14 results for author: Brandon Pomeroy


Uganda 2018 – A Vision of Sister Carmel

Thursday is always the hardest day. The adrenaline of being in a new place has long ago worn and we still haven’t fully adjusted to the eight-hour time change. The cumulative sleep deprivation coupled with hours of standing and concentrating and working have taken their toll. So there are fewer people waiting for the breakfast line to open at 6 am and the first bus to Lacor leaves at least fifteen minutes late.   And everyone is on the verge of tears.   I woke up reluctantly at 5:30 and looked at my phone. The smart people don’t check email and social media while on these trips, but with teenage kids I feel like I need to ...

Uganda 2018 – One Angel Among Many

It was Tuesday, right in the middle of it all. When we were still screening patients and when surgeries were going strong. Turnover was rapid. There wasn’t much time to put on a lab coat, change shoes, find Bobbi or Erica, and get outside. In order to reach the exam rooms we had to squeeze past a table of nursing student and several benches of waiting patients.   Each time I walked by that morning a boy who looked about seven years old stuck his hand out to shake mine. Every time. Waiting with his arm out. He’d smile when I said good morning and played along.   These days are made up of countless small interactions. From ...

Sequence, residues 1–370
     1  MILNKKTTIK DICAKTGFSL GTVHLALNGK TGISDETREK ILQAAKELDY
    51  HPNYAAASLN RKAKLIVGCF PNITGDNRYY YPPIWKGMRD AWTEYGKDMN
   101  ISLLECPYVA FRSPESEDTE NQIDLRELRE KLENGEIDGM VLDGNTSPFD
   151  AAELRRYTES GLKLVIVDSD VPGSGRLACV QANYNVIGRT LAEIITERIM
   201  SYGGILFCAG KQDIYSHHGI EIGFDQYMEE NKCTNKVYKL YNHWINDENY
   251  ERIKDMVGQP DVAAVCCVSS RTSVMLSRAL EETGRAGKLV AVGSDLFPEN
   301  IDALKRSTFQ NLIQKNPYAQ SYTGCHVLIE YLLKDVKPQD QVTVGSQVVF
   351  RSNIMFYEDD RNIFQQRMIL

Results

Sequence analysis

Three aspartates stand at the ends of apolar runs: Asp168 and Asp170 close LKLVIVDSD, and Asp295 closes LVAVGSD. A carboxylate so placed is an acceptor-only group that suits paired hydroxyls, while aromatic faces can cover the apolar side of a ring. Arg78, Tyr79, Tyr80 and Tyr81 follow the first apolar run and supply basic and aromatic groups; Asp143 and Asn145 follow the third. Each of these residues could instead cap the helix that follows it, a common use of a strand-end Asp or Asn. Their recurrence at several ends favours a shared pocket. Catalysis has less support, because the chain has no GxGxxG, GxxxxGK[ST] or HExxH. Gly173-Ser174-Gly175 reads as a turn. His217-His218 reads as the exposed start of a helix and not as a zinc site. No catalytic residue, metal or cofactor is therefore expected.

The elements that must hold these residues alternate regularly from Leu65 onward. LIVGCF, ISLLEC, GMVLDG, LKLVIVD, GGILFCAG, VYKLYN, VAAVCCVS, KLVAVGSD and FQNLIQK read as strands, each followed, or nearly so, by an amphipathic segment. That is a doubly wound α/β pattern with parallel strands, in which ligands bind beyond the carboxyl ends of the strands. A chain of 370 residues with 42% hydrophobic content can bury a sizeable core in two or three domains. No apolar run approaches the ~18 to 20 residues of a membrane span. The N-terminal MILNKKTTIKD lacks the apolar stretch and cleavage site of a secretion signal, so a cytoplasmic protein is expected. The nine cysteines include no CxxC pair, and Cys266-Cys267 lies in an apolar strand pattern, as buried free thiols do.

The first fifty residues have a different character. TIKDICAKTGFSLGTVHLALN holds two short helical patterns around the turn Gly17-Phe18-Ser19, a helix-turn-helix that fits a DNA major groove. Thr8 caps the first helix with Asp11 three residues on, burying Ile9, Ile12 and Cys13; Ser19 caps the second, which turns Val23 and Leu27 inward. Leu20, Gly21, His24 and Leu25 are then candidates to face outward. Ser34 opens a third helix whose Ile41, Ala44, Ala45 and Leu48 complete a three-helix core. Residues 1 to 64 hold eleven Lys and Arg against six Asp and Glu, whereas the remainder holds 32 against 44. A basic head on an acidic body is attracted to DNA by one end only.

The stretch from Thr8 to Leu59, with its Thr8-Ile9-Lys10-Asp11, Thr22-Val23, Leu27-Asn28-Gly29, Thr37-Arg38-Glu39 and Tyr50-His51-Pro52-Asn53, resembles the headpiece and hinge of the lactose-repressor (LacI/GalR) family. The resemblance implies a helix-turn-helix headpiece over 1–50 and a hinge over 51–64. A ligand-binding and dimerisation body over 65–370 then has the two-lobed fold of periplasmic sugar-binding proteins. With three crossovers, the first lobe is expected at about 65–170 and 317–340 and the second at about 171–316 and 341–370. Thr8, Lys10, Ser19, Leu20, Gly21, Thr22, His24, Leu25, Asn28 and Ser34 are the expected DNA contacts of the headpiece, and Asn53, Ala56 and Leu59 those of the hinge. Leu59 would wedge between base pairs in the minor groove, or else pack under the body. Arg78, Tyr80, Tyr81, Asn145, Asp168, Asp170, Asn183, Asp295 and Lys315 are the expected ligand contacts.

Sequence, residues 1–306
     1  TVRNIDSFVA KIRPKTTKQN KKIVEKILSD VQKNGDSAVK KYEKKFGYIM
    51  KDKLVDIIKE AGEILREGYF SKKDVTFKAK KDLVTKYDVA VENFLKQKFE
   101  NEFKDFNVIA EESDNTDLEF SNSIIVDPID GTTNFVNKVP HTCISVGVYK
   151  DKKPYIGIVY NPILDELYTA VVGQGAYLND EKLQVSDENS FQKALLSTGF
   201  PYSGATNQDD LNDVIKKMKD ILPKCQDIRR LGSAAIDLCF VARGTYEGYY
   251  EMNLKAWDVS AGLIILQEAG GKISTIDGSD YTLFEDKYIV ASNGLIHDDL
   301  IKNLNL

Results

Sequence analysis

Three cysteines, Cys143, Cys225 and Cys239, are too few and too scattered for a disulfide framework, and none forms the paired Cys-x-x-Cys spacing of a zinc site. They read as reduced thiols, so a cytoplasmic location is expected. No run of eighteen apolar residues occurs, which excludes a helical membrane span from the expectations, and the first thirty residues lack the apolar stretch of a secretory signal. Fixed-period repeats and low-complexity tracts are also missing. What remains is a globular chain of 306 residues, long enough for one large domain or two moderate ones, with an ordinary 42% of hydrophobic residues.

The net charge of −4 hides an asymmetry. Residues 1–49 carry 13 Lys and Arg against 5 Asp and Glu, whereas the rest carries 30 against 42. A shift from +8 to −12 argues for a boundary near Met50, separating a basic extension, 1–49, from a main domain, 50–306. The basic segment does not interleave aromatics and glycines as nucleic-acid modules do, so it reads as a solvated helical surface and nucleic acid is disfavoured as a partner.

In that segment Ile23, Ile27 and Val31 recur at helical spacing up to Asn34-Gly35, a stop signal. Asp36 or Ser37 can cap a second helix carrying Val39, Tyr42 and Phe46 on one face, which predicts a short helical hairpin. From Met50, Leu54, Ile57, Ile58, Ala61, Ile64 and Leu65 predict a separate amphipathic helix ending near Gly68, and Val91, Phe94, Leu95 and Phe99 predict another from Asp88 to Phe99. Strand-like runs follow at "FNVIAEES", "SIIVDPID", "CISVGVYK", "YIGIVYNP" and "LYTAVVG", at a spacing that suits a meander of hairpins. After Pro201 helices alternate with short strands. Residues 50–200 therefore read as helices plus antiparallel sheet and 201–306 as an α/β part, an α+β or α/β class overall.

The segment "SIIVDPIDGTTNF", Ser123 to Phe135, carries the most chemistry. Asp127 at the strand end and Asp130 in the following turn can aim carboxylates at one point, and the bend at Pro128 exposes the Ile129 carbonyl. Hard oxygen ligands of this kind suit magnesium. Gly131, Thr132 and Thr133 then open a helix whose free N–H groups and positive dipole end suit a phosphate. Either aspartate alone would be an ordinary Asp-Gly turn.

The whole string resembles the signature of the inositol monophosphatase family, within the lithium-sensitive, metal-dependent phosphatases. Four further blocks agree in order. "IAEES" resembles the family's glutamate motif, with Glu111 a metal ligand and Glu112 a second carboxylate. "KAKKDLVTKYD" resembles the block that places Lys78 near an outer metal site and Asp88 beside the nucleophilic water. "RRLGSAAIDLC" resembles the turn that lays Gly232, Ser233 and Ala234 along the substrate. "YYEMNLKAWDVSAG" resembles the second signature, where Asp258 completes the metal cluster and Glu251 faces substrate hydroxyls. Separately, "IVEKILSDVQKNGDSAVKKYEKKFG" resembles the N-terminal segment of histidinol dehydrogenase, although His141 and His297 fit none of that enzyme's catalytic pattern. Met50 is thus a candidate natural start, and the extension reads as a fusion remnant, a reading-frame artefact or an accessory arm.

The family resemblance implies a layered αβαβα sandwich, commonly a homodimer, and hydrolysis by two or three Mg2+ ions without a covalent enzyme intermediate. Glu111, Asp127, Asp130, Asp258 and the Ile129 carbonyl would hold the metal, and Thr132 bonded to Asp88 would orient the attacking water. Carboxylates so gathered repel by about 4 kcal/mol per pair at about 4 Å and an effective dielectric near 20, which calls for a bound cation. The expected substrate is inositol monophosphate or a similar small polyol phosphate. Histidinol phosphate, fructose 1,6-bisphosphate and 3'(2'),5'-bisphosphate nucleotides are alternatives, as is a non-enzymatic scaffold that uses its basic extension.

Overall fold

Uganda 2018 – An Epiphany

It’s all a blur at this point. Sitting by the pool at Chobe, listening to the birds singing above and all around me, seeing flashes of green and red and yellow as they speed by with their mysterious agendas... it all makes it difficult to recall specifics. Hundreds of emails, hours of meetings and months of planning and it’s over in a flash.   But heaven knows it was worth it.   Interactions with the people here are by necessity quick and direct. We speak to most of the patients through a translator and receive only the basics: what hurts and for how long. Perhaps a small fact about their lives. This isn’t the Ugandan way ...

Uganda 2018 – Ugandan Sunsets